Spencer House

Spencer House, St James’s, London

London’s finest surviving 18th Century private house, which was built in 1756-1766 for the first Lord Spencer. He commissioned the design from John Vardy and James ‘Athenian’ Stuart, to create a large London House to cement his position and status. The facade of the building and much of the internal architecture remain unaltered and as intended by the first Lord Spencer.

Spencer house is in the heart of London, just a short distance from St James’s Palace, Buckingham Palace and the Palace of Westminster. The house is still owned by the 9th Earl Spencer but has been let out to long term tenants in recent history, it is currently leased to Lord and Lady Rothschild and managed by the Rothschild foundation. The house underwent extensive refurbishment and reopened in 1991, it is a popular for special events, receptions and weddings.  

Spencer House, The Palm Room Ref 1001

The Palm Room

The spectacular architecture in the Palm Room survives largely as designed by Vardy.

The Palm trees were chosen as a symbol of marital fertility and also serve to underline the eighteenth-century belief in the close connection between classical architecture and nature.

Humphries Weaving supplied a narrow woven all silk damask in light sage green for the palm room furnishings. The festoon curtains use the same light sage warp colour but with a more silvery weft for the figure, this creates a point of difference between the furniture and the window treatment.  The colours were carefully developed under the direction of renowned decorator David Mlinaric. As such the design and colour have become synonymous with Spencer House.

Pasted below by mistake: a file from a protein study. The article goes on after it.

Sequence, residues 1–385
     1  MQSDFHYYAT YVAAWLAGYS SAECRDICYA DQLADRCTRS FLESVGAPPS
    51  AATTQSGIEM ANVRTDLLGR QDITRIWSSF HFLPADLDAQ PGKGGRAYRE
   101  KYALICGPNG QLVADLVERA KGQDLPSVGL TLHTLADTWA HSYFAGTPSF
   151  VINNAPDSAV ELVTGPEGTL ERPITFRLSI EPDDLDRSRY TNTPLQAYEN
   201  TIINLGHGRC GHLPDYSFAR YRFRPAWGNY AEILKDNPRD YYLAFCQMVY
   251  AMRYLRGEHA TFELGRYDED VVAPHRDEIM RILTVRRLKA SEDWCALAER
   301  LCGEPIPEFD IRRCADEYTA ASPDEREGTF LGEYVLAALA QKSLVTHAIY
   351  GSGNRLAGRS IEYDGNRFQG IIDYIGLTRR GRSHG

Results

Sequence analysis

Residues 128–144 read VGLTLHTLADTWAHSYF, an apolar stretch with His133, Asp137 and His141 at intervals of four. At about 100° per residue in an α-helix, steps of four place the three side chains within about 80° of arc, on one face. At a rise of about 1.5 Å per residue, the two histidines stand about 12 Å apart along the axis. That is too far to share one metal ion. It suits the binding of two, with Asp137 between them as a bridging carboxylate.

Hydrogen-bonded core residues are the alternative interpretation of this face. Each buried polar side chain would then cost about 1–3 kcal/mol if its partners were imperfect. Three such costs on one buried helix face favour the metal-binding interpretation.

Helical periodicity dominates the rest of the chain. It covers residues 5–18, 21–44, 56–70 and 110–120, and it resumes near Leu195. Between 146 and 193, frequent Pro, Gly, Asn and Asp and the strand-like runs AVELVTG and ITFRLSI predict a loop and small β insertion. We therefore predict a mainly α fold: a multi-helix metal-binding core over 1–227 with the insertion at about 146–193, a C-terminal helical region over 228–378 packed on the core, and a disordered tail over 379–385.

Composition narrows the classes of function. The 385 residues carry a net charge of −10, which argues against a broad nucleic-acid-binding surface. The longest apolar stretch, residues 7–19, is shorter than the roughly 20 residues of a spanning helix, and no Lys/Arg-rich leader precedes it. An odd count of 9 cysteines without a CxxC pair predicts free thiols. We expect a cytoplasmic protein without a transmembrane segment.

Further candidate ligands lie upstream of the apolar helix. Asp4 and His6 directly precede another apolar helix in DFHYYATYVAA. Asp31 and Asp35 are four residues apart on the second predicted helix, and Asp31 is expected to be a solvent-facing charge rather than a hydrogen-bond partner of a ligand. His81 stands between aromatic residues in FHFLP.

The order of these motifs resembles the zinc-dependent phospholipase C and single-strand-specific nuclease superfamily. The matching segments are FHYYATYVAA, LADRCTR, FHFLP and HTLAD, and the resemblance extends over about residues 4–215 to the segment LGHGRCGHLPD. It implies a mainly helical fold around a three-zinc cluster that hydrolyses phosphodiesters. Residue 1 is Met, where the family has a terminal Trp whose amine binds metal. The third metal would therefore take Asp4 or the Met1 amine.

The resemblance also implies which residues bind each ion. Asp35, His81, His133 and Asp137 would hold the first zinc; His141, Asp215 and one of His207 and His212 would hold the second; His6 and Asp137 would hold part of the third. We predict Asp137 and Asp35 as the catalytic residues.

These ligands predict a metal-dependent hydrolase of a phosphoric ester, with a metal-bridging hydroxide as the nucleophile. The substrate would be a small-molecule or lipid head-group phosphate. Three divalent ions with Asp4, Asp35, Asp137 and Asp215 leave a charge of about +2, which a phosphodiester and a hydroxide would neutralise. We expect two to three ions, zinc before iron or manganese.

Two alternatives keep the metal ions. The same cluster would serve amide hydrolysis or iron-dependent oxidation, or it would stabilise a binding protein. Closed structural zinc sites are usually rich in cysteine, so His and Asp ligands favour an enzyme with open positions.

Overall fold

Project references, Furniture:  1158 / 1458

Project references, Curtains:  1001 / 1059

Lady Spencer’s Room

This was Lady Spencer’s private drawing room where she received guests.

The crimson damask in this room matches that of the Great Room. Both early schemes were in green but replaced with crimson in the late 18th Century, probably by Henry Holland. Humphries Weaving were asked to recreate the narrow woven all silk damask in a rich crimson which was used for wall coverings, festoon curtains and upholstery.

The design was redrawn by the Humphries Weaving studio from an early 18th Century French document from John Cornforth, but versions of this design are also to be found at Holkham Hall, Norfolk and Castletown Cox Southern Ireland.

Project references: 981 / 1004 / 1104

The Great Room

The largest of the State Rooms at Spencer House, the Great Room is used for receptions, balls and is also a picture gallery.

Leading off of Lady Spencer’s Room the striking crimson scheme continues into the Great Room. Humphries Weaving created a narrow woven all silk damask in a rich crimson which was used for wall coverings, festoon curtains and upholstery.

Project references: 981 / 1004 / 1104

The Painted Room

Designed and painted in the ‘antique manner’ by ‘Athenian’ Stuart the Painted Room is one of the most famed interiors of Spencer House and the 18th Century in general.

Using the same design as the previously mentioned State rooms, Humphries Weaving supplied a narrow woven all silk damask in sage green woven for window festoons and furnishings. The colour was carefully developed under the direction of renowned decorator David Mlinaric. As such the design and colour have become synonymous with Spencer House.

The gilded furniture is Stuart’s original for the room, which is on long term loan to Spencer House from the Victoria & Albert Museum and English Heritage.

Project references: 1138

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